• Average Crop Demand (AgriMet)

    0

    5

    10

    15

    20

    25

    30

    35

    Alfalfa Pasture Lawn Apples Pears Cherries WineGrapes

    Blueberries

    Apri

    l -

    Septe

    mber

    Cro

    p D

    em

    and

    (in

    ches)

    Irrigation demand of 16 - 20 ~6 growing season precipitation

  • Water Use of Different Application Methods

    0

    5

    10

    15

    20

    25

    30

    35

    40

    Wheel line Impact Rotator Drip

    Typ

    ical A

    pp

    lica

    tion

    per

    Year

    (inch

    es/

    sea

    son)

    11 36 range

  • Effects of Sub-optimal Irrigation Practices

    Poor crop performance due to insufficient or uneven application of water (Ex. application rate exceeds absorption rate of soil, some trees get too much, some not enough)

    Leaching fertilizer out of root zone; washes into ground water or surface water- waste of money

    Surface runoff leads to soil erosion on slopes

    Higher labor cost

  • Benefits of Improved Irrigation Practices

    Optimize fruit yield and quality (reduce incidence of cork

    spot & alfalfa greening in pears)

    Optimize canopy development and efficiency: avoid excessive

    shade, promote return bloom & fruit set

    Optimize inputs & minimize costs (nitrogen, water, pruning)

    Ability to adequately water in a low-water year- maintain fruit

    size and profit margin

  • Improving Irrigation Management

    Design and maintain

    irrigation systems for uniform

    and efficient watering

    Use soil moisture monitoring

    and evapotranspiration

    estimates to optimize water

    availability to crops (Match

    irrigation application to crop

    demand)

  • Future Management Scenarios under

    Median Climate Change

    Historic: Reflects current management practices, infrastructure, and average stream flows (1980- 2010)

    Future: Climate change but no management, infrastructural, or demand changes

    Increased Demand: Climate change + increased demand

    Increased Conservation: Climate change + increased demand + increased conservation

    Increase Storage: Climate change + increased demand + increased conservation + increased storage

  • 0

    100

    200

    300

    400

    500

    600

    Oct Nov Dec Jan Feb Mar Apr May Jun Jul Aug Sep

    Flo

    w (

    cfs)

    East Fork Above Middle Fork, Monthly Mean Flows

    Impacts from Alternatives in an Average Year

  • Impacts from Alternatives in an Average Year

    0

    20

    40

    60

    80

    100

    120

    140

    160

    180

    June July Aug Sept

    Flo

    w (

    cfs)

    East Fork Above Middle Fork, Monthly Mean Flows

  • Improved Fish Habitat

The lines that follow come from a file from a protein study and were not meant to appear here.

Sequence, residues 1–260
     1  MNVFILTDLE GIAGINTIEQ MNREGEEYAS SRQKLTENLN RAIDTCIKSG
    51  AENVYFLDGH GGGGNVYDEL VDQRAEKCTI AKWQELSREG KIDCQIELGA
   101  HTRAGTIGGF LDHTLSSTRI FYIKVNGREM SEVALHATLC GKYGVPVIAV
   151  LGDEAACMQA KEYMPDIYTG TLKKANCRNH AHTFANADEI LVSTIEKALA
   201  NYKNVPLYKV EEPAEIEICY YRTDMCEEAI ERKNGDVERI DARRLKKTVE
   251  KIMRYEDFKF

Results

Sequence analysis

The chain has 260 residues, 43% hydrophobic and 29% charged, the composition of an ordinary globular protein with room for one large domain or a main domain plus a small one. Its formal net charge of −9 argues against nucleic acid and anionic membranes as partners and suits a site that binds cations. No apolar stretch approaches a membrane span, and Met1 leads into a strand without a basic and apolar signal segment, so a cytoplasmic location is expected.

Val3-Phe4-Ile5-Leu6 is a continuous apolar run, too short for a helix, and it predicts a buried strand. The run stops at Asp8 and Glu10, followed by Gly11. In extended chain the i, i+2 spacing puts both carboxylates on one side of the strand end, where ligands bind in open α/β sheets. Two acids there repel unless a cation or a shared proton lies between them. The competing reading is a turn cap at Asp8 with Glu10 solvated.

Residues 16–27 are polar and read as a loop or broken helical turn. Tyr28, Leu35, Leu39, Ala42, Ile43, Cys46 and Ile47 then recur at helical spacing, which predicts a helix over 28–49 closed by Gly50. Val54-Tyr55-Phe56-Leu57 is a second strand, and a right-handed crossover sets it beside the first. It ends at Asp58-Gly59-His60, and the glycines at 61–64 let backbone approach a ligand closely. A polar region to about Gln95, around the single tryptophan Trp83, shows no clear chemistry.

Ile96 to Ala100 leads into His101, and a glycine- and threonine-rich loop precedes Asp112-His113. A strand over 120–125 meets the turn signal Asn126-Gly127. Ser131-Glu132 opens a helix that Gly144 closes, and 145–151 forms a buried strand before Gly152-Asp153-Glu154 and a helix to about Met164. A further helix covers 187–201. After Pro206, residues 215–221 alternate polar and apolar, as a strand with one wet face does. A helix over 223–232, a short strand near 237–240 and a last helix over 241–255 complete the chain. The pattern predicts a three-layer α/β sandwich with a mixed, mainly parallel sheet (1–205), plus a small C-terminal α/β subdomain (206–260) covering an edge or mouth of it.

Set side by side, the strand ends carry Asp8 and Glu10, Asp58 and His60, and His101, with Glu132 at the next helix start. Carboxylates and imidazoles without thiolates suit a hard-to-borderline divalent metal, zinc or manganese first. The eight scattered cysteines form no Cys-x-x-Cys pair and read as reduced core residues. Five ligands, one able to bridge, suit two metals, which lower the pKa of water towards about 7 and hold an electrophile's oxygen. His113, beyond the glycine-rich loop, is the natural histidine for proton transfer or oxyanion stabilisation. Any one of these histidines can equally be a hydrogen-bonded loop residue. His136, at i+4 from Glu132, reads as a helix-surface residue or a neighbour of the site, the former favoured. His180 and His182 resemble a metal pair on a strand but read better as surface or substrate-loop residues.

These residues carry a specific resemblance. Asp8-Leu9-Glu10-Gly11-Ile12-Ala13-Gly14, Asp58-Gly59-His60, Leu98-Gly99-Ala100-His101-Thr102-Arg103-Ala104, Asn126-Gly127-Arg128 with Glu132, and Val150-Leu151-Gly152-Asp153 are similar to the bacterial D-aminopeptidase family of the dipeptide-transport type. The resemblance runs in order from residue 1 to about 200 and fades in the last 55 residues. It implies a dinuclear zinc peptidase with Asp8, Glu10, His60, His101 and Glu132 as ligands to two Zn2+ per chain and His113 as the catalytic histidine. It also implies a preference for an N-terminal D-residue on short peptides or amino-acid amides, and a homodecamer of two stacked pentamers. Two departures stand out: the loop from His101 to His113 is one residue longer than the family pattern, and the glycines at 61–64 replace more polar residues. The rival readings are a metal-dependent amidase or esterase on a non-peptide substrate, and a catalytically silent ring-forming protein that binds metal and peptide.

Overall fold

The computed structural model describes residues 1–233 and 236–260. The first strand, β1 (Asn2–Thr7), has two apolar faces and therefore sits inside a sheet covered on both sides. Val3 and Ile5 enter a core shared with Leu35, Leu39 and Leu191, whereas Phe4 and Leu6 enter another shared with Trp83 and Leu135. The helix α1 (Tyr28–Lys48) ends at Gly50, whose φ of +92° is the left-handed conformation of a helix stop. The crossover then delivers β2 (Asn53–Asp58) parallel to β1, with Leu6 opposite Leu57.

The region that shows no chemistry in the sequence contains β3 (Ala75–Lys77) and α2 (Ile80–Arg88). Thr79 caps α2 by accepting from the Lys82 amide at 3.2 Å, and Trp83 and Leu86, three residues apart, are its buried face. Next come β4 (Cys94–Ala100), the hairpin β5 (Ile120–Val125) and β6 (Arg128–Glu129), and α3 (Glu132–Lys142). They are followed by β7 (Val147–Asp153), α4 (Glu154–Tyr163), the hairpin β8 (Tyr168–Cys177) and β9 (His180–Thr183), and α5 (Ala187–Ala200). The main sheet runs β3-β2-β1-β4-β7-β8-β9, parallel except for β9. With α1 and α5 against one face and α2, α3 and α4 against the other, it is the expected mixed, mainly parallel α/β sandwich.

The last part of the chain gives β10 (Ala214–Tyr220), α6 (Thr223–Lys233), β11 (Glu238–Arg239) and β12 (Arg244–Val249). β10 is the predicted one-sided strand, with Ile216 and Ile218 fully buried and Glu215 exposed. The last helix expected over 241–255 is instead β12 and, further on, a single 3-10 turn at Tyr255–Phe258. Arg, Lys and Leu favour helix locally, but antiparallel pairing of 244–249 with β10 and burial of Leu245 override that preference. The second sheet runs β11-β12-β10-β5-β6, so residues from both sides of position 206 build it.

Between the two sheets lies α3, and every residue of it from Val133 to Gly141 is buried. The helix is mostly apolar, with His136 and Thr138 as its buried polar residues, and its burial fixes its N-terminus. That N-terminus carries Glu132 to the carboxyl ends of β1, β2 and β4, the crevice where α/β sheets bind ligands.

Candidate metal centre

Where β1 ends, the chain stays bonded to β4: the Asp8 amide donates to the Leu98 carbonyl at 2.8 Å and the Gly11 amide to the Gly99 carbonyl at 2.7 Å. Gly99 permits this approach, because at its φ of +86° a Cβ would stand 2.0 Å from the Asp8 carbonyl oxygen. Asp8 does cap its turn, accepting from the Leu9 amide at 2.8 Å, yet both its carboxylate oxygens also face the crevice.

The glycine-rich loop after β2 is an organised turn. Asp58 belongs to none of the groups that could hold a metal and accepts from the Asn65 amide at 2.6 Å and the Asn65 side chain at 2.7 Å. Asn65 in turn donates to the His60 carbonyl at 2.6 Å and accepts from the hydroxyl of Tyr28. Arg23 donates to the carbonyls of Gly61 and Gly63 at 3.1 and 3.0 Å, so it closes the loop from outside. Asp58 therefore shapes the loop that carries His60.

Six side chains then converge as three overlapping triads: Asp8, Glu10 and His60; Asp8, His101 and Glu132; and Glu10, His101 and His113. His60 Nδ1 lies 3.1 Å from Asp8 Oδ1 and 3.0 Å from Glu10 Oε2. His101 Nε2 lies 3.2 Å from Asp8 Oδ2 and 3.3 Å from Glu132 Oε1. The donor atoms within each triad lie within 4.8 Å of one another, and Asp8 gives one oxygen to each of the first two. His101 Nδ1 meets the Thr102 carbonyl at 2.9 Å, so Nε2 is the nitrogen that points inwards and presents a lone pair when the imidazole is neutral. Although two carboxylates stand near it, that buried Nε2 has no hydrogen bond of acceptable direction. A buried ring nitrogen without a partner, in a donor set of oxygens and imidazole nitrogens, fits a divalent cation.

0

    2,000

    4,000

    6,000

    8,000

    10,000

    12,000

    14,000

    0 50 100 150 200

    Am

    oun

    t of

    Ha

    bitat

    Streamflow (cfs)

    East Fork Chinook Spawning

    35 65

  • Historic/Existing (WY 1980-2010)

  • No Change in Water Use or Conservation

    (WY 2031-2060)

  • Conservation (WY 2031-2060)

  • Conservation & Storage (WY 2031-2060)

  • Basin Water Conservation Potential

    Actions Total

    Potential

    Savings

    Most likely

    in next 20

    years

    Cost per CFS Next 20

    years cost

    On-farm irrigation: sprinkler

    upgrades, soil moisture

    monitoring

    32 cfs 26 cfs $ 0.4 M/cfs $10.4 million

    Conveyance system upgrades

    (main & distribution lines)

    27 cfs 27 cfs $ 1 1.3

    M/cfs

    $35 million

    Expanded water storage in

    existing reservoirs

    4 cfs 4 cfs $0.2-0.6

    M/cfs

    ~$2.4 million

    New water storage 22 cfs $1.4 M/cfs

    Hydropower rebalancing 13 cfs (varies) 13 cfs $0 $0

    Voluntary fallowing of annual

    crops/pastures (Waterbank)

    Up to 17 cfs 8 cfs $50 K/cfs

    (dry years)

    $400,000/yr

    (dry years)

    115 cfs 76 cfs $47.8 million*

  • Next Steps

    Continue to Explore Innovative Ways to Increase Water Availability

    Water Bank- mechanism for temporary leasing of water rights

    Shallow Ground Water Recharge-need to conduct feasibility study

    Fund Raising

    State & Regional funding sources: 4 local irrigation districts recently applied for approximately $7 million from OWRD for distribution piping & reservoir expansion

    Environmental Quality Incentives Program (NRCS): federal $ can cover 50% of on-farm irrigation upgrades; OWEB small grants

    Local sources? (Example- MFID has a cost-share program)